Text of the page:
KM: You only got a certain amount of fingers, right?

JK: Right and then there’s strict rules for which notes those can be because of the way they overlap and stuff.  Piano you can just mash the whole thing (laughs).  You can just put your arm down on it or play a sequence of notes really really fast back to back in a way that’s more like percussion.  There may be other things like that, for example, like the trumpet, I have no experience in that at all– that seems like wizardry to me (laughs). 

KM: Is that the next challenge?

John Kadlecik performs at Lockn 2016

John Kadlecik during his Summer Solstice 2018 Run

JK: (laughs) No, I’ve dabbled in wind instruments and left it at that.  I can kind of handle harmonica, I can bend some notes but the alternating breathing thing kinda throws me a little bit.  I try to sort of think like a wind player occasionally, in that I have to stop playing notes to take a breath.  I’ll try not to play more notes in a row then I could sing without taking a breath.

KM: You’ve also done a lot as far as bands, forming them, and working with different people.  You’ve got Dark StarFurthur, even The Mix, which we’re going to get into more because of the show at Gypsy Sally’s with Melvin Seals, but do you find that, I mean obviously, every one of them brings out something a little different in you, but is there something that you take away from all of that – for example, let’s talk just about Dark Star vs. Furthur – was there something that you can pull away and single out that was maybe your favorite aspect of them individually that was different than the other?

JK: Well, Dark Star was kind of like playing in a Bluegrass Band a little bit.  There were rules – they weren’t restricting rules, they were just boundaries.  They still had an enormous amount of ‘do anything you want within these boundaries’ and the boundaries aren’t so much right or wrong rules, they’re like ‘don’t forget to tell the story’ (laughs).  The song has a story, it has images, but even then - within that, there are containers within sort of The Grateful Dead concert experience where even those rules get thrown out (laughs).  It doesn’t even have to be – it can atonal and arhythmicy, it can get beyond free jazz, which is just totally free music.  Even though it still sort of had the rule that the first half was more rhythmic and the second half was less percussive (laughs).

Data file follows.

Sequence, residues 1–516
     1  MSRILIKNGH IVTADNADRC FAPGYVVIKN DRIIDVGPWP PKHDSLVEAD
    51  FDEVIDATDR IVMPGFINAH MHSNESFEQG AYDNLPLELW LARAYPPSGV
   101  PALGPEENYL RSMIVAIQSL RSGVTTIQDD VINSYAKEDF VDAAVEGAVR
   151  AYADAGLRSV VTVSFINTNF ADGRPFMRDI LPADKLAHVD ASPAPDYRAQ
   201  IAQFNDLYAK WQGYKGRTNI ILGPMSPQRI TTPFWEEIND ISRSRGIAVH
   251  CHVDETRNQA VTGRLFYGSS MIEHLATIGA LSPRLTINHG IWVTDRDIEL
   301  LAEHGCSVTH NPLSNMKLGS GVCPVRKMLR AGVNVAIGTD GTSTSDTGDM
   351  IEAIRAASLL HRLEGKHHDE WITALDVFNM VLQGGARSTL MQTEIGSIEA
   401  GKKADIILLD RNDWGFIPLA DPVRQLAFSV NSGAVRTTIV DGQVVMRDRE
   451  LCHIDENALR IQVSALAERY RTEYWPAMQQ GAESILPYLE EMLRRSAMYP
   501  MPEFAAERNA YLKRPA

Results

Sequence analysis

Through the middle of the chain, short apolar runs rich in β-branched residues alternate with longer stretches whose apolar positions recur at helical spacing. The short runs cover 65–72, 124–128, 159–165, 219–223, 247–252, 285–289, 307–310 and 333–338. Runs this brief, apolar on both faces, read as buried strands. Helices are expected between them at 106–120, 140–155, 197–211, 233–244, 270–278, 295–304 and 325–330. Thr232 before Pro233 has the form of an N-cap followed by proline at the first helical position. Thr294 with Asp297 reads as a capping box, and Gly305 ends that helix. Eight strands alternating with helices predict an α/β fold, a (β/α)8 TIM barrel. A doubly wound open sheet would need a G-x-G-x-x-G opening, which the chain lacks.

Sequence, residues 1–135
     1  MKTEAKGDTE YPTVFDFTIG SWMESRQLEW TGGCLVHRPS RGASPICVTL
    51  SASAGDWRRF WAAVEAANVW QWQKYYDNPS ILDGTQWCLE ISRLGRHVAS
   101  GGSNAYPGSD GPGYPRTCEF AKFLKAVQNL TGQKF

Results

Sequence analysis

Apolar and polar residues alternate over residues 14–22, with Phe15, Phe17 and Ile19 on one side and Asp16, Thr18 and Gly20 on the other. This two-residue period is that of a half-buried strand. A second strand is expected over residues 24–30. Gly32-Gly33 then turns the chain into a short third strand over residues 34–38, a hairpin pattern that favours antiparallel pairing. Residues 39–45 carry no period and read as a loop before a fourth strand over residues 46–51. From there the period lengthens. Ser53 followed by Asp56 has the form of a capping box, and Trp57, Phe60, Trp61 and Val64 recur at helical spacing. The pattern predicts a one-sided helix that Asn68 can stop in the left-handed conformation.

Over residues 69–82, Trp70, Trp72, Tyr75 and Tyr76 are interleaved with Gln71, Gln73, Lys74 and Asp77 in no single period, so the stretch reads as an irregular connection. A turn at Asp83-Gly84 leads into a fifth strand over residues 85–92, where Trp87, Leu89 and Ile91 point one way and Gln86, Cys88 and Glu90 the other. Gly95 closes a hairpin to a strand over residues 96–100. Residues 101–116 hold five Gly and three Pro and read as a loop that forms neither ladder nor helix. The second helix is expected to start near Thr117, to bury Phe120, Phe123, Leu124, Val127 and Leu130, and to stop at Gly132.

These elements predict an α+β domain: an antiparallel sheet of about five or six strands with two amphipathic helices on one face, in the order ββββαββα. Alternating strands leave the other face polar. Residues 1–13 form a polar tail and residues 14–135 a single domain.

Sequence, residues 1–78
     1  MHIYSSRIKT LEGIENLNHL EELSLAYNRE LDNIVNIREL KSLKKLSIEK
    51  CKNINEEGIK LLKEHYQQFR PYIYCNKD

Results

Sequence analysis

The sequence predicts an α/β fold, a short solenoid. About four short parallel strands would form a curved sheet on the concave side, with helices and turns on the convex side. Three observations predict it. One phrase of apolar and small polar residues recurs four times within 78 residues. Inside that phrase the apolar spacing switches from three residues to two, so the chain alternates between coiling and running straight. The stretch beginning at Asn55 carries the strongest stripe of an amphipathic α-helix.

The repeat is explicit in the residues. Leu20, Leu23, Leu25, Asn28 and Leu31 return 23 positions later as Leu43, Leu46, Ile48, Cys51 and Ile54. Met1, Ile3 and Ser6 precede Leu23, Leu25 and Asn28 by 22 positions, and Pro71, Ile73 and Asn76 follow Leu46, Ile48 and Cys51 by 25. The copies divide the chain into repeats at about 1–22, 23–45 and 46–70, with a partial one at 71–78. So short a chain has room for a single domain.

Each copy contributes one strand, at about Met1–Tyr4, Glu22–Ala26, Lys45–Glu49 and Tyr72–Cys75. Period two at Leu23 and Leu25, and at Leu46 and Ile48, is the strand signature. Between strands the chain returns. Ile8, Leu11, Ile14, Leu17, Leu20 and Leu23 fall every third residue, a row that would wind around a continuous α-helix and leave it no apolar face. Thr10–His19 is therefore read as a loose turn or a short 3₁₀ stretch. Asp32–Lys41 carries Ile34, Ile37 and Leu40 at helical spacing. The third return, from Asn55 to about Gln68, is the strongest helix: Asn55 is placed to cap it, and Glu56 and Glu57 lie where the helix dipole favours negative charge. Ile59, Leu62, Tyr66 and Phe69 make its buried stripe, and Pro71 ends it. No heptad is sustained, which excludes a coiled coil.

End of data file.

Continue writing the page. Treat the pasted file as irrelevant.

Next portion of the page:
KM: I wouldn’t commonly associate the two words Grateful Dead and rules together (laughs).

JK: Right, but never the less, that’s the thing, if you really wanna see what music without rules is, listen to like Derek Bailey (laughs) I mean they get there, but even to get to music without rules, you have content, you have some context of music with rules.

KM: Gotta have rules to be able to break em right?! (laughs)

JK: Right or when you adore the rules, it means more when you break them.  When you’re willing to break a rule you adore, it has a whole different energy than just smashing a rule that you hate (laughs).  And there are rules that we adore that make reggae music reggae music and that make bluegrass music, bluegrass music.  There are identifiable components about Grateful Dead music that are similar and you can always take a Bill Monroe song and play it in a Bob Marley style or you can take vice versa, you know?  You can take Grateful Dead Songs and play them in whatever garage band style you want to make up or you could play it in a reggae style or a bluegrass style or you can play it in a blues style or you can play it in Grateful Dead style.  To me, I play Grateful Dead style and I elevate it – I don’t just consider it a subset of rock, I consider it its own world the way bluegrass or reggae are distinctly identifiable.  And you can play, quite conversely it’s easy to play a Bill Monroe song or a Bob Marley song in a Grateful Dead style.  For some reason people don’t want to do that and I tend to suspect it’s because they don’t know how because they have some respect.  Nothing else is really held back by stylistic respect in the music world (laughs) so I’m guessing it’s more either lack of motivation or ability.

John K & The DC Mystery Cats - Turkey Run

John Kadlecik's Thanksgiving Run at Gypsy Sally's with the DC Mystery Cats.

KM: Don’t know if this is common knowledge, but you are a local DMV resident – how do you feel about the D.C. Music Scene?

JK: The genre boundaries seem to be kinda high (laughs).

KM: You play at Gypsy Sally’s a lot, what is it about that venue that kind of fits your musical desire?  I think they have a great crowd there and obviously you enjoy it but you’ve also played at The Hamilton and other spots, but I feel like I see you on Gypsy Sally’s calendar all the time.